Shaw and McKay's Social Disorganisation Theory

Written by walter johnson
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Shaw and McKay's Social Disorganisation Theory
Crime is often the result of social dislocation. (crâne humain et balles pistolet_5621 image by Hubert Isselée from Fotolia.com)

In the early 1940s, sociologists Clifford Shaw and Henry McKay conducted research on criminal behaviour in the city of Chicago. What came out of their work became known as “Social Disorganisation Theory” (SDT), and the school known as the “Chicago school” (not to be confused with the “Chicago school” of economics).

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Features

The overarching thesis to the SDT is that criminals, specifically juvenile delinquents, are not abnormal people. They are not “deviant” relative to their environment. In fact, they are quite rational, responding normally and rationally to an abnormal and irrational social environment. Therefore, the Chicago school of criminology is based around analysing the environment of certain types of juvenile criminals, according to the Center for Spatially Integrated Social Science.

Findings

The basic findings of Shaw and McKay were based entirely on the idea of social ecology: people act within an environment that shapes them as well as being shaped by them. This means, in their findings, that criminality is based around a specific neighbourhood, regardless of who might live there at any specific time. Once criminality becomes part of the culture of the area, it becomes a tradition that gets handed down from generation to generation. Hence, it is the place, not the people, who matter.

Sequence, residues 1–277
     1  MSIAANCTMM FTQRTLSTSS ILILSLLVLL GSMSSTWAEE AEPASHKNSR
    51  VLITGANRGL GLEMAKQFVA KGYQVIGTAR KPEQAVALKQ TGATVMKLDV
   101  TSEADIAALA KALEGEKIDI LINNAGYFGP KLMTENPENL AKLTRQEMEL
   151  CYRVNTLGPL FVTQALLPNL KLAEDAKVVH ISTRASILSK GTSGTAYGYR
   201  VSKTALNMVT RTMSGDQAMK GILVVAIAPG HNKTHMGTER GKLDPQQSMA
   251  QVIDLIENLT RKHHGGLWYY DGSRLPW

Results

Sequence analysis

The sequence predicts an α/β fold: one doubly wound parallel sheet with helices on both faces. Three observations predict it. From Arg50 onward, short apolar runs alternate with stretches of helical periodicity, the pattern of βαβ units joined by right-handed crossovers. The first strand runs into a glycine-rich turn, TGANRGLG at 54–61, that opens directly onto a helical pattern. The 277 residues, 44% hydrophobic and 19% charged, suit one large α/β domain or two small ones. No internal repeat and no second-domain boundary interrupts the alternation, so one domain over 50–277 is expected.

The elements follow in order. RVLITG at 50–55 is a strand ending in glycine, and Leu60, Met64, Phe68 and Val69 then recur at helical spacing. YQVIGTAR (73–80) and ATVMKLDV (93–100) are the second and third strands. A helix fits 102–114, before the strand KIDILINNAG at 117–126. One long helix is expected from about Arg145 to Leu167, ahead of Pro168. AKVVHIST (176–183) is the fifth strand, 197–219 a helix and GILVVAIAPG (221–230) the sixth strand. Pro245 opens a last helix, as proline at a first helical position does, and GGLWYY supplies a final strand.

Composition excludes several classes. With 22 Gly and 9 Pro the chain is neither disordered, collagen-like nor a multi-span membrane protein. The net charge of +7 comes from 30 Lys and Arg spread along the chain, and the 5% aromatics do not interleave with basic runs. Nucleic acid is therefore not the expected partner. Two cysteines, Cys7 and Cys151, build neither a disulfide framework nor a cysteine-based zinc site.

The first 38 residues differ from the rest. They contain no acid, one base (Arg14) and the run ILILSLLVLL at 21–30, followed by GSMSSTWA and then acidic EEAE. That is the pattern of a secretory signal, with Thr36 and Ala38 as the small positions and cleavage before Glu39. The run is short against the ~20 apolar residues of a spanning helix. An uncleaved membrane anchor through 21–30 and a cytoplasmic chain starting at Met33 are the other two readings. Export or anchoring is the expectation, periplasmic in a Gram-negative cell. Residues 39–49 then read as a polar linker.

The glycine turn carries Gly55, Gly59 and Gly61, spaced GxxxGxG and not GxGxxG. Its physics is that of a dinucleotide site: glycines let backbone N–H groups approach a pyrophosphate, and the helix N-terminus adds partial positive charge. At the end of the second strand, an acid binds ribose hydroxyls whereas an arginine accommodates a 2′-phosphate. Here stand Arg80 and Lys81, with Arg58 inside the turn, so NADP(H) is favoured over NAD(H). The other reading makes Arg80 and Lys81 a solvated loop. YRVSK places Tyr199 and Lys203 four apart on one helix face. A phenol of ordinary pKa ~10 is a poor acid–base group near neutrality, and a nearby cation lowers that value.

Causes

According to Shaw and McKay, the basic cause of criminality is the lack of a specific area or neighbourhood, to either create or accept a set of common values that would integrate the social whole. The basic causes of this main cause are equally simple. Areas that cannot articulate common values are areas that have a high level of residential instability, have a light level of heterogeneity in language, race and/or ethnicity, and are poor. Diversity is a great evil in this approach to crime, since it prevents the creation of a unified region. Rapid industrialisation and change is sometimes considered another cause.

Effects

Researchers who accept the basic thesis of SDT must focus on the history of the area they are studying. They must analyse the social and ethnic nature of the area's history. Integration of different ethnic groups and races is generally a bad thing, since it does not create neighbourhoods but enclaves. According to Austin Peay, enclaves do not create a common culture, but might in fact become productive of general crime.

Conclusions

Ethnicity is not a factor in crime, but a mixture of ethnic groups is. Poverty is not a cause of crime, but it has trouble dealing with crime due to a lack of resources available to combat it. Common neighbourhood values are essential in controlling crime as is basic ethnic, cultural and linguistic unity. But once an area suffers from the basic causal elements of crime, there is no going back. The area becomes contaminated with a defective culture that creates defective children. They are defective in that they respond rationally to an irrational society, which itself, makes them irrational.

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